KYLEE and Nathan Terry were heartbroken when their newborn son Blake, born seven weeks premature, was immediately taken away to the Neo-Natal Intensive Care Unit (NICU) at the Royal Hobart Hospital (RHH).
A very sudden and severe case of pre-eclampsia had sent Mrs Terry into Calvary Hospital to have an emergency caesarean section.
“Having pre-eclampsia had started to completely shut down my body, and I was told Blake had to come out within 24 hours,” Mrs Terry said.
With his lungs not completely developed, Blake was sent to the RHH while Mrs Terry remained at Calvary to recover.
“The hospital told me that by the time I recovered, Blake would be back in my arms,” she said.
“I couldn’t leave the hospital, so it was four days before I even got to see Blake and 19 days before I really got to spend any proper time with him.
“It was absolutely awful and so hard to deal with.
“There was one instance about 10 days in where we thought Blake would be transferred to Calvary, but he started having apneas – complete pauses in breathing during sleep – and couldn’t be moved.
“I just lost it then – I was completely devastated and heartbroken.
“My sister rushed Nathan into me because I was so upset, I had thought Blake was coming back.”
Mrs Terry was discharged from Calvary and travelled to the RHH every day to visit and spend time with Blake until he was strong enough to come home.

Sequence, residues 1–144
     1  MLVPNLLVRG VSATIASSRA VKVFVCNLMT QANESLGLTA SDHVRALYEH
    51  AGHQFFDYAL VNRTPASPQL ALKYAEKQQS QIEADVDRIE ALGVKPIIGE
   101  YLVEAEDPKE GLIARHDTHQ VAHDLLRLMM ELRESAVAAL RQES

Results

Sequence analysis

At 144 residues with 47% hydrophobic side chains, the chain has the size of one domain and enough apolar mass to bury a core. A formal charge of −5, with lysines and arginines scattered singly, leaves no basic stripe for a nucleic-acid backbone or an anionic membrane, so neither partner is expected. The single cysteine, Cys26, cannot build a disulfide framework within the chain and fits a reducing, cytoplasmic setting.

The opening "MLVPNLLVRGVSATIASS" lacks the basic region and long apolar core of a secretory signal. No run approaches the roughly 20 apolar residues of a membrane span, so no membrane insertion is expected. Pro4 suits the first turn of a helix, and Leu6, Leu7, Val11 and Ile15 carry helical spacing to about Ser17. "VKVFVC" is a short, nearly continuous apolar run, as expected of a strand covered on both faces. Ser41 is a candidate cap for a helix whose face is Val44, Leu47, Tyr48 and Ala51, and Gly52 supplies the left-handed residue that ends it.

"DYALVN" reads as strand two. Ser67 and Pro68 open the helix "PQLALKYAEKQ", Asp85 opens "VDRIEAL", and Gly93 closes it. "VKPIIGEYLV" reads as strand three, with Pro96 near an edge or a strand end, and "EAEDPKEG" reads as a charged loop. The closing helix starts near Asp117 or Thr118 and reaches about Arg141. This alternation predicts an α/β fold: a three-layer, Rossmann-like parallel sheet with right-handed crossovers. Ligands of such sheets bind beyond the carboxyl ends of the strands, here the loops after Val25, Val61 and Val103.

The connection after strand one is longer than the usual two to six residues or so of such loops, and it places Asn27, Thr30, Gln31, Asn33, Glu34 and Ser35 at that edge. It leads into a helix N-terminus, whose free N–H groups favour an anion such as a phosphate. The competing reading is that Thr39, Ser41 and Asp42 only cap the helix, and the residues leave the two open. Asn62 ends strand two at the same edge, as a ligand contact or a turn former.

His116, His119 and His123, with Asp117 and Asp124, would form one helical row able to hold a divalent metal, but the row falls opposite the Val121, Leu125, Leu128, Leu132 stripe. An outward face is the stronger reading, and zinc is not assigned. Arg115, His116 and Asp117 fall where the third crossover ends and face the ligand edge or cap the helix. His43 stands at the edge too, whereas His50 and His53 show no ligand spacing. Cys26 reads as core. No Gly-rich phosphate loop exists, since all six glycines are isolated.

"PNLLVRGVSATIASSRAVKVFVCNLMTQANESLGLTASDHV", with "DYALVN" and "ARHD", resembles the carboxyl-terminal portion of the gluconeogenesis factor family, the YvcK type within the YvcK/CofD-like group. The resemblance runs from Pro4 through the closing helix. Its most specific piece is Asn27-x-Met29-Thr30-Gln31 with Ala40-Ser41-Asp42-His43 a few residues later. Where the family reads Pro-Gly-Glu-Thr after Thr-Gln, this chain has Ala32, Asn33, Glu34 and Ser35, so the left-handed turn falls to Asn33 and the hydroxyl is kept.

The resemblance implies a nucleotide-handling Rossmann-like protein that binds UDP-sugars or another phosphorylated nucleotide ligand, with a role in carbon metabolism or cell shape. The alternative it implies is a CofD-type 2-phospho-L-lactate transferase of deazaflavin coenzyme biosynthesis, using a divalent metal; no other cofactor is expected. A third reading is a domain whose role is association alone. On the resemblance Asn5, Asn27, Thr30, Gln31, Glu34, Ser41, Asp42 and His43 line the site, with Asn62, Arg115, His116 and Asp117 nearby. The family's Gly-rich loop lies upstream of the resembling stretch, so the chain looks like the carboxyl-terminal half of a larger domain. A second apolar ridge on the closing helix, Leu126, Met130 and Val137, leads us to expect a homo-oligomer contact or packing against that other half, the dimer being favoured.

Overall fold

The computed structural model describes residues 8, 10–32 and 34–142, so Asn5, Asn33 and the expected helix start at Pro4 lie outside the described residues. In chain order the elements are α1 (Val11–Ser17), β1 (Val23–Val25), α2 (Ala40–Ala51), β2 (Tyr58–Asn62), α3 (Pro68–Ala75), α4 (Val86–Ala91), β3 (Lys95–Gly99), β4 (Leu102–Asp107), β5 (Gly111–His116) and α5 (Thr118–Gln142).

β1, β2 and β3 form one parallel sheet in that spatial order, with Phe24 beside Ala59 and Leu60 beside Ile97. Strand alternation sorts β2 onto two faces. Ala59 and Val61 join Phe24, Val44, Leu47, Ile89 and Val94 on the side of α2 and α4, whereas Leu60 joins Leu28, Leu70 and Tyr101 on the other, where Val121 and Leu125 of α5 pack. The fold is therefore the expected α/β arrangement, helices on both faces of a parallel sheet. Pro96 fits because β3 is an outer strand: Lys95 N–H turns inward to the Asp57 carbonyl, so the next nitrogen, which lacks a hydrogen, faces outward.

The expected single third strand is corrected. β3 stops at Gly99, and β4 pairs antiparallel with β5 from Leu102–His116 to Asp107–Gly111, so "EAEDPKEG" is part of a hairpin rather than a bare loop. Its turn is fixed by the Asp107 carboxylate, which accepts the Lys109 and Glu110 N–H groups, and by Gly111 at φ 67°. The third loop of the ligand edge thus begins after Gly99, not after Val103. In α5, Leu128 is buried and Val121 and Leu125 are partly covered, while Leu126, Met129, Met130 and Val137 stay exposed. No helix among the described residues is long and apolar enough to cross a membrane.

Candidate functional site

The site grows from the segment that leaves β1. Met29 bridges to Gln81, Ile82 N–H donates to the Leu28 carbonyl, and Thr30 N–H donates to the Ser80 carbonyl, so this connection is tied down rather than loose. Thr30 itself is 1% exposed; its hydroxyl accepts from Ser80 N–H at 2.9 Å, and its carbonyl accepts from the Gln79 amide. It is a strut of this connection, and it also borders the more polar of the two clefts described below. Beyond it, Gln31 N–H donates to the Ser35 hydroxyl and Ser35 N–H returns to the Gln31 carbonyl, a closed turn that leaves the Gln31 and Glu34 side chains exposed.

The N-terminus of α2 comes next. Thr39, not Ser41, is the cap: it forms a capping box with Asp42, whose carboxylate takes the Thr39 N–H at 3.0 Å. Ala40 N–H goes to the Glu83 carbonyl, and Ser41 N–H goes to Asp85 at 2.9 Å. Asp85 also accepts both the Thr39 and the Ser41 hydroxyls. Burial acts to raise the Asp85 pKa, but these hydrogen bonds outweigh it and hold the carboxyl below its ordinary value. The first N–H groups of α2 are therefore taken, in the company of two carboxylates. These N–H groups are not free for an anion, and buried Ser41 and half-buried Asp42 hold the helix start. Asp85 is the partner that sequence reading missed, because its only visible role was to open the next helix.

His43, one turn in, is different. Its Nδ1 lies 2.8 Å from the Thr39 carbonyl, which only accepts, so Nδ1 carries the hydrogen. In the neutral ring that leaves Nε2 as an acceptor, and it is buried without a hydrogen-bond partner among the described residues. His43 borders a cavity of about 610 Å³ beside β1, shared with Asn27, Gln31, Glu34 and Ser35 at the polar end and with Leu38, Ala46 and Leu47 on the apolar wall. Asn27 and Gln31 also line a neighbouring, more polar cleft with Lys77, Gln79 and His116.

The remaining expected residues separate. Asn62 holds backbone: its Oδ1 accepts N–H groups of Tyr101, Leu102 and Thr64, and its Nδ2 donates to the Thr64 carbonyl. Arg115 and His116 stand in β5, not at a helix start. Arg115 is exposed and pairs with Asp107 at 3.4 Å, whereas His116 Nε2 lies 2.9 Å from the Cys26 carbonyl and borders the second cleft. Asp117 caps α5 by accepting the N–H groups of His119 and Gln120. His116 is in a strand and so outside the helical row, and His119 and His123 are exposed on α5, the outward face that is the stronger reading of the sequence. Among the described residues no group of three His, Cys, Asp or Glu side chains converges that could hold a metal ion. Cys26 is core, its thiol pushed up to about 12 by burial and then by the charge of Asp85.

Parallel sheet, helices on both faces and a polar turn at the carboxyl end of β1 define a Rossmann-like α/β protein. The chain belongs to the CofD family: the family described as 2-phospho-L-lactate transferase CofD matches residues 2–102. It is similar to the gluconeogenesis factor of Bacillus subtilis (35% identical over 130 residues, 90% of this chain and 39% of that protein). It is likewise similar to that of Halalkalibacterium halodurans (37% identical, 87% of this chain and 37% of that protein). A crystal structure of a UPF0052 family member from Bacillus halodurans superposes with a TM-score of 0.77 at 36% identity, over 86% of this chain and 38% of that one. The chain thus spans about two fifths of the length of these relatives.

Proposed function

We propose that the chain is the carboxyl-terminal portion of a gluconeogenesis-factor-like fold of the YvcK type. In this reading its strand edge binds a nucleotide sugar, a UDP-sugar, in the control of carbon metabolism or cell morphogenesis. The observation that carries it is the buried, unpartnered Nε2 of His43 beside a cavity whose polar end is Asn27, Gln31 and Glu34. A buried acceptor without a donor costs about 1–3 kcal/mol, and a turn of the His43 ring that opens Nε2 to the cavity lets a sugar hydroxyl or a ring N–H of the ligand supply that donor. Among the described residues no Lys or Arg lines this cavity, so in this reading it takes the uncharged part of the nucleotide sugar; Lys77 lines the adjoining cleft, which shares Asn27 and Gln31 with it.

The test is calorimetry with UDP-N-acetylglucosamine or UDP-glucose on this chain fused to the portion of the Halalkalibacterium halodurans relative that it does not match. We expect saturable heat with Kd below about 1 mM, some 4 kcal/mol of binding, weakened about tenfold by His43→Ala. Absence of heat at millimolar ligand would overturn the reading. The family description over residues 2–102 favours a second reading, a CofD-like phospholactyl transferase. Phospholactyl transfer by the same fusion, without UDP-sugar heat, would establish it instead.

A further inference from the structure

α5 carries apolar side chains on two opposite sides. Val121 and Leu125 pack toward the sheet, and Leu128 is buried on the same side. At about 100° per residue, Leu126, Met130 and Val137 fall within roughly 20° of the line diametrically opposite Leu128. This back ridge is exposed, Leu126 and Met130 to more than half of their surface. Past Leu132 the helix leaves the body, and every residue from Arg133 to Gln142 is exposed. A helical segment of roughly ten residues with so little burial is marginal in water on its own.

Blake spent a total of 30 days in hospital – 19 at the RHH and 11 at Calvary – before he was discharged.
During her second pregnancy with son Max, Mrs Terry was closely monitored by doctors for signs of pre-eclampsia, which were found at the 30-week mark.
With regular communication with doctors to ensure she was safe and healthy, she was able to wait five more weeks before delivering the baby.
“When Max was born he had to go straight to the special care unit at Calvary to stay because his breathing wasn’t great,” Mrs Terry said.
“It hit me a lot harder this time because I was hoping for a more normal newborn experience, where the baby is in your room and family and friends come in to visit you both.”
Mrs Terry said Max had to stay in the hospital for 19 days total, as he had to learn to feed properly.
She said it was quite hard as he was in the hospital, while Blake, now aged three, was at home.
“I’d have to leave one to go to the other and vice versa,” she said.
Fast forward to present day, eight-month-old Max and four-year-old Blake are healthy and happy and enjoying life at home with mum and dad.
Mrs Terry said she and her husband felt blessed to have two healthy boys, especially given that some parents with premature babies continued to have ongoing health issues.
To help commemorate her two little fighters, Mrs Terry and her family regularly participate in Walk for Prems, an annual event which supports the 48,000 premature or sick babies born in Australia every year.
Presented by Baby Bunting, Walk for Prems 2018 – which was held at Montrose Foreshore in late October – is the largest annual fundraiser for the Life’s Little Treasures Foundation.
During the event, participants paused to show respect for the families whose babies had sadly passed away, before walking around the foreshore to celebrate the babies who had survived their pre-natal births and were happy and healthy.
Mrs Terry said it was important to remember all of the families who had lost children, as well as those who were lucky enough to have had their babies grow into happy, healthy children.
Caption: Nathan and Kylee Terry and their children Max, left, and Blake recently participated in the 2018 Walk for Prems event at Montrose Foreshore.